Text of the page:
Porkpie (Channel 4, 1995-1996)
Desmond’s, which went on to be one of Channel 4’s most successful home-made sitcoms, came to a sombre end in 1994 following the death of Norman Beaton who played the lead role. But viewers still wanted more, so one of the popular regular characters was promoted to the main one as we returned to Peckham for this spin-off series that was created and written by the same team as its predecessor.
Ram John Holder returned one year on in 1995 with his hat to play Porkpie again (his actual name was Augustus, but everybody knew him by his nickname). In the first episode, we discover that Porkpie is now living a rather mundane existence as a lollipop man, living on his own, feeling rather down on his luck, and still missing his good friend Desmond.
One remarkable thing about the mid-90s looking back is just how many references there were to the newly-launched National Lottery. Not just in adverts that featured the famous catchphrase, but also in TV shows with endless jokes, it really was a cultural success, suddenly people could win huge amounts of money like never before, only the pools had ever come close.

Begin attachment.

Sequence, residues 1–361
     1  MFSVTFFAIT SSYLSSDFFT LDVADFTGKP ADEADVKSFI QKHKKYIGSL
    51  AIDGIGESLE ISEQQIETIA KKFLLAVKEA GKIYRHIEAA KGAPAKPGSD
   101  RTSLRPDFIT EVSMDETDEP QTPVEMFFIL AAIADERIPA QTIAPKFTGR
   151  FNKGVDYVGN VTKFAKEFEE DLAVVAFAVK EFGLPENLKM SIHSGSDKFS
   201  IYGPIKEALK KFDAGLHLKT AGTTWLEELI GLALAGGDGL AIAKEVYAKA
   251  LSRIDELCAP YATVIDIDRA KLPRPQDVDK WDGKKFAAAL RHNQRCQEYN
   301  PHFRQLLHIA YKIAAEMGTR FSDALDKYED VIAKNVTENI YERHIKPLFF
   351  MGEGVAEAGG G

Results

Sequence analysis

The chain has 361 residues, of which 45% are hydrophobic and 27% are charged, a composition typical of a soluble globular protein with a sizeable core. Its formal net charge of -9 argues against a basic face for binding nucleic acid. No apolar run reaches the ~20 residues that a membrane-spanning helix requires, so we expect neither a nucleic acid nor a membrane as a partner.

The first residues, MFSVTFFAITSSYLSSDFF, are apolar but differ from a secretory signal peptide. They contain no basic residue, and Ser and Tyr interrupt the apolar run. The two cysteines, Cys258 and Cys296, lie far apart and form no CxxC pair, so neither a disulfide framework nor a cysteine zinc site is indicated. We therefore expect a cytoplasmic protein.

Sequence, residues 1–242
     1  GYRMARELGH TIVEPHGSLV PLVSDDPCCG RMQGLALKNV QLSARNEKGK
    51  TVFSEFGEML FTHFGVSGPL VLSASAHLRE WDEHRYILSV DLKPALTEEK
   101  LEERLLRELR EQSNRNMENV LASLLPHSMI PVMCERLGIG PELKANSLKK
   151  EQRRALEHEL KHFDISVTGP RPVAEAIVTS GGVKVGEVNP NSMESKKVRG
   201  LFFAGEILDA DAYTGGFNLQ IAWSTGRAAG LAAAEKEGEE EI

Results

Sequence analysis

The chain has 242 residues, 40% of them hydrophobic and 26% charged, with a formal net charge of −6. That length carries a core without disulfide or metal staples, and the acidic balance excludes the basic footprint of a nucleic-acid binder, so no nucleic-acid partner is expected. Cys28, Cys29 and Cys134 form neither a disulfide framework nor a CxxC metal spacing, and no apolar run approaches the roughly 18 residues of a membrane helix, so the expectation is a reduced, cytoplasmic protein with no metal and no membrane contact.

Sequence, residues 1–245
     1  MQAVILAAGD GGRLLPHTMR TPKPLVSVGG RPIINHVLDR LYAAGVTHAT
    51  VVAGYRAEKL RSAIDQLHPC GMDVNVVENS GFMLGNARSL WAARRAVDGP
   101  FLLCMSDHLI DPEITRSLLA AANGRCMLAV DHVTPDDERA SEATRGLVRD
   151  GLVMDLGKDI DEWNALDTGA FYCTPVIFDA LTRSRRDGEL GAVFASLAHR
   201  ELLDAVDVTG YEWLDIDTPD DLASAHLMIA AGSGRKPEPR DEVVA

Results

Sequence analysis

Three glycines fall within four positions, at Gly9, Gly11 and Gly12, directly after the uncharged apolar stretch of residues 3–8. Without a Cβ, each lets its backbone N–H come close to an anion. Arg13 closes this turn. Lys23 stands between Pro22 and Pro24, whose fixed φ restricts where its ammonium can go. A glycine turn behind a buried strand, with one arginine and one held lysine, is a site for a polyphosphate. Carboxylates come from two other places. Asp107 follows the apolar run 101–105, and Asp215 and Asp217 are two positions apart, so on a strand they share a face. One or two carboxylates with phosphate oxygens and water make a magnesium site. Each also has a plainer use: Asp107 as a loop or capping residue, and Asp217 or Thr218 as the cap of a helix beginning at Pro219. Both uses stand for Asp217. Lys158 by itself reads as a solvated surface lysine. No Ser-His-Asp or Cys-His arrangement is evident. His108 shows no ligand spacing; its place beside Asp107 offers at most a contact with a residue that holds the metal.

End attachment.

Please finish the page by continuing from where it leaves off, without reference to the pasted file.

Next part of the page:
How all this ties in to this show is because one day Porkpie needs a change in fortune and decides to buy a lottery ticket, even though he’s certain that it’s an impossible dream. But he has a go, and he even endures watching The National Lottery Live to discover his fate. And would you believe it, as Porkpie only goes and wins £10 million, blimey, that’s even more than Del Boy and Rodney made!
Naturally, Porkpie’s life is transformed, but will it be for the better? The rest of the series concentrates on Porkpie in his unexpected new situation. Now the biggest decision he has to make in his life is deciding whether to buy a car or go on a cruise. One thing that Porkpie decides to do is open a youth centre which is named after his old friend. A few old characters also appear, including Desmond’s son Michael.
Among the new characters was Benji, who befriends Porkpie, and any show that decides to add Derek Griffiths to the cast must have something going for it. There were 12 episodes of Porkpie in two series, although it did come off as second best when compared to Desmond’s which was rather disappointing, it seemed that the idea had been exhausted a little by this point. Also, there has been no repeat run or DVD release, but it retained the feelgood factor that attracted so many to Desmond’s.